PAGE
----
New car sales pick up speed

Previous articleAnzac Day around the region
Next articleFlights boosted

New car sales in Mount Gambier are booming, with dealerships struggling to keep up with demand.

A combination of COVID-19 factors have led to stock shortages and lengthy waits, according to dealerships. Car salespeople at both OGR and Noel Barr Toyota are working hard to fill customers’ orders, however stocks nationally have been depleted.

OGR Dealer Principal Bryce Roberts said there had been an increase in global demand as well as shortages due to COVID-19 lockdowns.

“These global supply chain issues relate to not only componentry and manufacturing but also shipping and delivery,” he said. “Ports globally are all haemorrhaging with the amount of freight and logistics moving through their channels.”

Mr Roberts said the real impact of the supply chain began late last year when dealers were not able to forward order stock but were only being allocated enough vehicles each month to fulfil sold vehicle orders. “Hence there is no stock on the ground now,” he said.

“Dealers have very limited access to stock as we are only filling mainly sold orders with a wait time of from as little as two months to as long as 12 months in advance.

“There are normally manufacturers who would have thousands of cars sitting on grass at all major capital cities – however today there is next to no vehicles available in compounds to grab for stock or fulfil sold orders.”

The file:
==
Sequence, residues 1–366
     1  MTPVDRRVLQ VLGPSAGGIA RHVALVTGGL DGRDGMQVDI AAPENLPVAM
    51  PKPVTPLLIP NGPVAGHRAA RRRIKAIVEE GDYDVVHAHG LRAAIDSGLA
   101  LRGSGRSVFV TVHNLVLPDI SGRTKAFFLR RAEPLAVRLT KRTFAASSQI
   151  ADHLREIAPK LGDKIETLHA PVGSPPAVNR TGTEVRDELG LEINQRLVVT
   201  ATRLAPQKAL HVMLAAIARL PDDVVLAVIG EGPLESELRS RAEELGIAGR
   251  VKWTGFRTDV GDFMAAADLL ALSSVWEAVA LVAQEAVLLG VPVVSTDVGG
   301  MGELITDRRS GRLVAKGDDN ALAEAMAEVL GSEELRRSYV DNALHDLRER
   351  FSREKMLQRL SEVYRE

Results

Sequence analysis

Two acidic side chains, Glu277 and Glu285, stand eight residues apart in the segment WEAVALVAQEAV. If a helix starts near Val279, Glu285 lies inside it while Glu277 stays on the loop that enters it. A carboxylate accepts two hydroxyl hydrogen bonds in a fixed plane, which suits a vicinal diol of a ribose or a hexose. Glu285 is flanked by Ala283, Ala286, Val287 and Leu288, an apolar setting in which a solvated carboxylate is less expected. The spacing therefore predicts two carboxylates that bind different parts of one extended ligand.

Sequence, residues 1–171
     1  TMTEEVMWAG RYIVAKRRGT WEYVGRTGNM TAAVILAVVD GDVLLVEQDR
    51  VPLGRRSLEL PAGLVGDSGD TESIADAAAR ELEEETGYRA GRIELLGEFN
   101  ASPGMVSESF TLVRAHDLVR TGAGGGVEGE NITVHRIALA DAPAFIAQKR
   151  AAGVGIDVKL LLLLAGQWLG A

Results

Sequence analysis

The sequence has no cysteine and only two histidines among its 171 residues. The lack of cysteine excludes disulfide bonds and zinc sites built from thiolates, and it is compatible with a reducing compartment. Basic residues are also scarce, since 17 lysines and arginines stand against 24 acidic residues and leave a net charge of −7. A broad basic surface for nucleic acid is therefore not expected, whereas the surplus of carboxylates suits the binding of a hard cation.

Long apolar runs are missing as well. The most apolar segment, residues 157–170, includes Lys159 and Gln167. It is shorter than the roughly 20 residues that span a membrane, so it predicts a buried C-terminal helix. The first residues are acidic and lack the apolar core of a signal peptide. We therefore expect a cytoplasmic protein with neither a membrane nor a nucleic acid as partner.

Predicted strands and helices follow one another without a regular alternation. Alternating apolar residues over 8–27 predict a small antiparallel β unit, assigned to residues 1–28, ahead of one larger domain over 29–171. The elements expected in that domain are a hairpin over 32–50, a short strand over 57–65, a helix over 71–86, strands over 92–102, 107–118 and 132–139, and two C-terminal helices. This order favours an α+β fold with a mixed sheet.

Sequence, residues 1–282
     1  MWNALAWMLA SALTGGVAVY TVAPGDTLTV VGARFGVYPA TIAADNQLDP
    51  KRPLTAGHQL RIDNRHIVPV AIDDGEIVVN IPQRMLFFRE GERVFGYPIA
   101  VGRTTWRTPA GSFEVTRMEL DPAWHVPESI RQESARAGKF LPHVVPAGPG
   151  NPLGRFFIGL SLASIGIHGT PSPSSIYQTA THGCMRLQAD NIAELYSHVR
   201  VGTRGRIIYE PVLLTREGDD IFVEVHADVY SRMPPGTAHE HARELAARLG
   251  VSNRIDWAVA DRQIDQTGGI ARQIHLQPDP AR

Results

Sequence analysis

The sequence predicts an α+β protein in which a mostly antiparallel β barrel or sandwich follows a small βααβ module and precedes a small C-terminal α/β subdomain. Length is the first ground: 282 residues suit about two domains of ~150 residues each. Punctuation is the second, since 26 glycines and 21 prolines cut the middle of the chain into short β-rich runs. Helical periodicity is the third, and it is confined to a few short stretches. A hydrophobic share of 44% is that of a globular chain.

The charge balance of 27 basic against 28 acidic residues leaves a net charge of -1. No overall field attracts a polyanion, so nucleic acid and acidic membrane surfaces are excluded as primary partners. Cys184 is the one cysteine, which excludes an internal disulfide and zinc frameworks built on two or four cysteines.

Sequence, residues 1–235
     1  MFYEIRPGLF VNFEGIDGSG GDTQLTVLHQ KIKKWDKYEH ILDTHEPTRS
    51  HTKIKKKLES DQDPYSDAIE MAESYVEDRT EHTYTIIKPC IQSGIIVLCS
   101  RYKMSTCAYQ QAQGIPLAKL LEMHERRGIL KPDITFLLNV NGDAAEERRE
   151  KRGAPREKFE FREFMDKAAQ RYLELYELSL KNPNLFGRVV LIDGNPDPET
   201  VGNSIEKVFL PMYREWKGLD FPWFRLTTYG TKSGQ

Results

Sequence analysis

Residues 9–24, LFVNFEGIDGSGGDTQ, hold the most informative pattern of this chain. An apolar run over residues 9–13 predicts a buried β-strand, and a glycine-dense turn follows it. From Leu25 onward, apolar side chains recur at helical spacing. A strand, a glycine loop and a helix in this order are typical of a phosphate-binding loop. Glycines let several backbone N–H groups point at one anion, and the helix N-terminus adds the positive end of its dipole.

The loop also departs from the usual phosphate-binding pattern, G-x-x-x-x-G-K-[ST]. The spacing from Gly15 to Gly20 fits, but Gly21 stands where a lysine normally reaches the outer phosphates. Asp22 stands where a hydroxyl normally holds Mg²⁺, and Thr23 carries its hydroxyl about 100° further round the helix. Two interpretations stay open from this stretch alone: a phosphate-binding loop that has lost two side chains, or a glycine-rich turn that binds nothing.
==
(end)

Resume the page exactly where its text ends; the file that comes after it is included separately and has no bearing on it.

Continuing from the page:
Mr Roberts said most customers were understanding of the situation. “Due to global restraints and unusual buying behaviours there are extended lead times to fulfil sold orders, however when customers require a unique build or configuration extended time frames to supply will usually apply,” he said.

“New car sales had been dwindling across Australia over the past three years, having said this, the current new car sales figures are reflective of times gone by when the market was at its peak.

“To put this in perspective, at a recent Kia dealer only factory demonstrator auction, the recently released Kia Sorento, that has just been announced the 2021 Drive Car Of The Year Award, and also won the CarSales 2020 Car Of The Year Award, one vehicle was being sold under the hammer for up to $8000 over the recommended retail driveaway price.

“This is totally mind-boggling when you consider you still need to pay stamp duty, registration and luxury car tax to on-sell the vehicle to a new owner.”

Mr Roberts said, even though there had been restraints on new car supply, OGR had continuously had over 100 plus used cars in stock throughout the whole COVID pandemic period.

“Used cars on the whole have all seen a price increase of up to 30% from pre-COVID prices on certain model lines,” he said. “OGR’s trade-in policy has seen us exceed customer’s expectations on many occasions as to their vehicle’s expected trade in value. “This has increased the confidence in buyers wanting to trade into a new car.”